ACADIA NAT’L PARK — One suggestion for culling deer herds in residential areas outside the park would be to allow bow hunting, said Matt Horton, Bar Harbor’s representative to the Acadia National Park Advisory Commission.
While he made clear at Monday’s meeting of the commission that the park was not part of the problem in terms of the number of deer and that he supports a ban on hunting in Acadia, he felt something should be done, particularly given the number of deer and the prevalence of Lyme disease.
Following a presentation by chief of resource management David Manski on the National Park Service’s policy for managing deer herds, Horton said that many island residents feel their property is being negatively impacted by deer browsing on shrubbery and garden vegetables.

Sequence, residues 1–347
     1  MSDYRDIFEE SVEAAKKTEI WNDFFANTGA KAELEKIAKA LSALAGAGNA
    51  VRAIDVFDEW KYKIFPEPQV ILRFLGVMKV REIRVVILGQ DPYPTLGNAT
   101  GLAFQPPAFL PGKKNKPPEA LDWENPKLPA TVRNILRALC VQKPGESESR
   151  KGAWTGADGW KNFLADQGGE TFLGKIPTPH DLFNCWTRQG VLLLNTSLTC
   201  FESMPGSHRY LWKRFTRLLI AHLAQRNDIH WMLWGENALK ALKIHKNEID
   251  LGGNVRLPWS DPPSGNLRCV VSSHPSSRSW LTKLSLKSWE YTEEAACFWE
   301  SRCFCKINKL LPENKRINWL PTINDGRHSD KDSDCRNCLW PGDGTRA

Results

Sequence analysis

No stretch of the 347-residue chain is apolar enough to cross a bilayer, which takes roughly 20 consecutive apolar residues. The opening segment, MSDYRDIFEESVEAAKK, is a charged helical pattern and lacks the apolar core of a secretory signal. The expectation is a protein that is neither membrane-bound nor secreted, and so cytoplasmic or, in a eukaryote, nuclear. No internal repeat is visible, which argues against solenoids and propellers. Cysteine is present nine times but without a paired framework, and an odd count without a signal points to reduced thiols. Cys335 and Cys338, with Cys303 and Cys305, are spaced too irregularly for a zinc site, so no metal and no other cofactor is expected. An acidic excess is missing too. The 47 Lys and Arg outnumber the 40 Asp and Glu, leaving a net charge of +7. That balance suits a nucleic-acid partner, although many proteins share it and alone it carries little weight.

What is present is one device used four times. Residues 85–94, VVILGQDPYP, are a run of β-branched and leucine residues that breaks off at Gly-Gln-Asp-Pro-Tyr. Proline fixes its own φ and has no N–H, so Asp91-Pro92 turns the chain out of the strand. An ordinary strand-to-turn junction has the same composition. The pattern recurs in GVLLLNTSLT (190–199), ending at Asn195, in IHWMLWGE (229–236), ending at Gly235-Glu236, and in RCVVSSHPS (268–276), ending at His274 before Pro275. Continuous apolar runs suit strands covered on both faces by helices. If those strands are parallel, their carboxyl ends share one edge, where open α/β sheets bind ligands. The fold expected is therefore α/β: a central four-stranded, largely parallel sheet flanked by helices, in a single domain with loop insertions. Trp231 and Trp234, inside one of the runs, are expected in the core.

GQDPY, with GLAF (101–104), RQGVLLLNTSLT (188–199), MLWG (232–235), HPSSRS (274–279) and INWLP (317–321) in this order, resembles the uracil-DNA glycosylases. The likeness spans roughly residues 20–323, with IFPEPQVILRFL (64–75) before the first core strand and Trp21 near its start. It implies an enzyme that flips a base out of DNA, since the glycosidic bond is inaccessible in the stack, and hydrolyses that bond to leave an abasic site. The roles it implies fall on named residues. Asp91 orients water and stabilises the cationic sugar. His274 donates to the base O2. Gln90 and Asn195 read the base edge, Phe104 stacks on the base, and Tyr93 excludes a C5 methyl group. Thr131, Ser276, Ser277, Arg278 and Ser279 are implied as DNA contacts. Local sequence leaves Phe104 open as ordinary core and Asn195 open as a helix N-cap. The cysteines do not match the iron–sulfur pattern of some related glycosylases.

In his presentation to the committee, Manski said that hunting was prohibited in all of the approximately 400 units of the national park unless hunting was specified in the enabling legislation. No such language was included in legislation for Acadia.
Subsequent monitoring by park staff has not found any indication of over browsing – a finding that would support an increase in deer populations – and Manski feels that the deer population is not at a high enough density to justify management. Manski told commissioners that previously he had worked with officials in Mount Desert and that Bruce Connery, a wildlife biologist in Acadia, is part of the committee examining deer populations in Bar Harbor.